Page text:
Once considered one of Europe’s most attractive jurisdictions for cryptocurrency, Estonia in recent months has intensified a regulatory crackdown aimed at dramatically reducing the number of virtual asset services providers, or VASPs, licensed to operate in the country.
Estonia became one of the first EU nations to begin licensing VASPs four years ago and in practice subjected them to only the most rudimentary background checks. Those policies prompted hundreds of cryptocurrency exchanges and wallet providers from around the world to flock to the Baltic nation in the years that followed.
Last year, however, Estonia’s Financial Intelligence Unit, or FIU, which supervises the cryptocurrency sector for anti-money laundering purposes, stripped 1,300 VASPs of their licenses after finding that they disproportionately served customers in high-risk jurisdictions and did not have adequate controls to manage the financial-crime risks their clients posed.
Matis Maeker, who began leading the FIU in June, told ACAMS moneylaundering.com that the agency remains concerned about the quality of local operators’ financial-crime controls amid a global rise in the use of Bitcoin and other cryptocurrencies in investment frauds, ransomware attacks and schemes to launder drug profits.
“The risks have increased,” Maeker said. “We need to know more about whether firms have risk-sensitive compliance measures and controls, and whether their owners and managers are fit for the job, taking into account the risk they’re dealing with.”
Officials began tightening the rules that govern VASPs in March 2020 by raising the cost of applying for a license from €300 to €3,300, introducing more stringent checks on applicants’ owners and directors, reviewing their compliance programs, raising capital requirements to €12,000 and requiring them to open a physical office and employ staff in Estonia.
The FIU also began axing VASPs that did not launch operations within six months of obtaining a license—in Estonia or elsewhere—and warned those operating entirely from beyond the Baltic nation’s borders that they would likely lose their license.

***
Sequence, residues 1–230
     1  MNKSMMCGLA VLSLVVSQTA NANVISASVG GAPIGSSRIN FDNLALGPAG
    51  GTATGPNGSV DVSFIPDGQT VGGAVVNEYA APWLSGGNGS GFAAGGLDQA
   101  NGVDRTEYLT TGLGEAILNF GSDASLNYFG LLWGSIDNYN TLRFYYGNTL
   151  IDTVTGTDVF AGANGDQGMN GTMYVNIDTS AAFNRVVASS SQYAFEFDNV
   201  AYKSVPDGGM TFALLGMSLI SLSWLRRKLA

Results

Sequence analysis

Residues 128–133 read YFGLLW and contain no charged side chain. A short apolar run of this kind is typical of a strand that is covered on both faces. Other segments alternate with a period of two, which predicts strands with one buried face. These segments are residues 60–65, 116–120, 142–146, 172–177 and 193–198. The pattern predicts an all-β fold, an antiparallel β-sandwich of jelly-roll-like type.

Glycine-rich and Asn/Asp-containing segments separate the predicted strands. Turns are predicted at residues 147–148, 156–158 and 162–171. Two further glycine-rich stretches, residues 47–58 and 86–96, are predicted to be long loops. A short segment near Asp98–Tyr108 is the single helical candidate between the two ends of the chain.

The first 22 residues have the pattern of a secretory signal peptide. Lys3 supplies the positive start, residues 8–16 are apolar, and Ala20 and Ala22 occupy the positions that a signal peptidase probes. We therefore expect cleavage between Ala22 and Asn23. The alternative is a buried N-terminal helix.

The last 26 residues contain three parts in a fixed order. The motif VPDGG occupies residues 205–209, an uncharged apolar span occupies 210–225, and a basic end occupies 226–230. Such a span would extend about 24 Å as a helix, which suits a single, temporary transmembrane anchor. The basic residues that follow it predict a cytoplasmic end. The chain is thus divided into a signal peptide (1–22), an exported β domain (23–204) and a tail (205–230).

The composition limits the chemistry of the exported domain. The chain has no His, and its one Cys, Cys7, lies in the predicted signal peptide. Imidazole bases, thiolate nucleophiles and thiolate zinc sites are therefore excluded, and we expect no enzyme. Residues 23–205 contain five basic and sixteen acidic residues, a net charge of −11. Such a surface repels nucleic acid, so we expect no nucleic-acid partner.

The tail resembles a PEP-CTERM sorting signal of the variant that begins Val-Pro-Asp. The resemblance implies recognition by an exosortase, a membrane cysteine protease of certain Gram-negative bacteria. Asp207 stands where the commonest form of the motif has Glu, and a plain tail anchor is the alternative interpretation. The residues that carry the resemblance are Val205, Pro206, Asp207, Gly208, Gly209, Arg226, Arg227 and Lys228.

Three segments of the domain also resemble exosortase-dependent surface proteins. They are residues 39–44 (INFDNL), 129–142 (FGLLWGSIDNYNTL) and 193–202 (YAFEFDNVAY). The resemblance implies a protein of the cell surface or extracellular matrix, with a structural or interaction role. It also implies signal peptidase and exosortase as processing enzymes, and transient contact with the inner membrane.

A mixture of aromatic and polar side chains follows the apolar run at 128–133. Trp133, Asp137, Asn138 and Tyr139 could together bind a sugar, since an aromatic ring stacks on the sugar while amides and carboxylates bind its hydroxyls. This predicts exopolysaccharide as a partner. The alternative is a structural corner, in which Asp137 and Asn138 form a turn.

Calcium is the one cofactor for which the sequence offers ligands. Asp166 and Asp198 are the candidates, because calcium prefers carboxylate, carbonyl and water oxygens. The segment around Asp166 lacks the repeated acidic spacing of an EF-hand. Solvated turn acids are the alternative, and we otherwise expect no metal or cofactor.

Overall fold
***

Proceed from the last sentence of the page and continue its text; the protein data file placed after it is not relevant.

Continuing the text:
An offsite survey conducted shortly afterwards found that VASPs registered in Estonia mostly served clients in the United States, followed by clients in Venezuela, Russia, Vietnam, Indonesia, Brazil, India and Iran. By that point, the cryptocurrency sector’s six-month turnover had more than doubled year-on-year to reach €1.2 billion.
The FIU subsequently revoked the licenses of two-thirds of all VASPs by December of last year—stripping their ability to operate in Estonia—while continuing to license exchanges and wallet providers deemed fit for purpose.
In June, the month Maeker took office and weeks after Estonian officials ranked the cryptocurrency sector near the top of their country’s most potent financial-crime threats, the FIU directed VASPs in a questionnaire to submit details on their top clients, the jurisdictions with which they transact, the beneficial owners of the legal entities they serve and other data.
The FIU has since withdrawn licenses from a further 114 VASPs and not approved any new applications, said Maeker, who previously led the Estonian Financial Supervisory Authority’s AML unit.
Another 50 operators that did not respond to the questionnaire and a previous survey are also set to lose their licenses, Maeker said, adding that directors and owners of some VASPs lost permission to operate in Estonia after failing to pass more stringent “fit and proper” tests and hiding prior criminal convictions from regulators.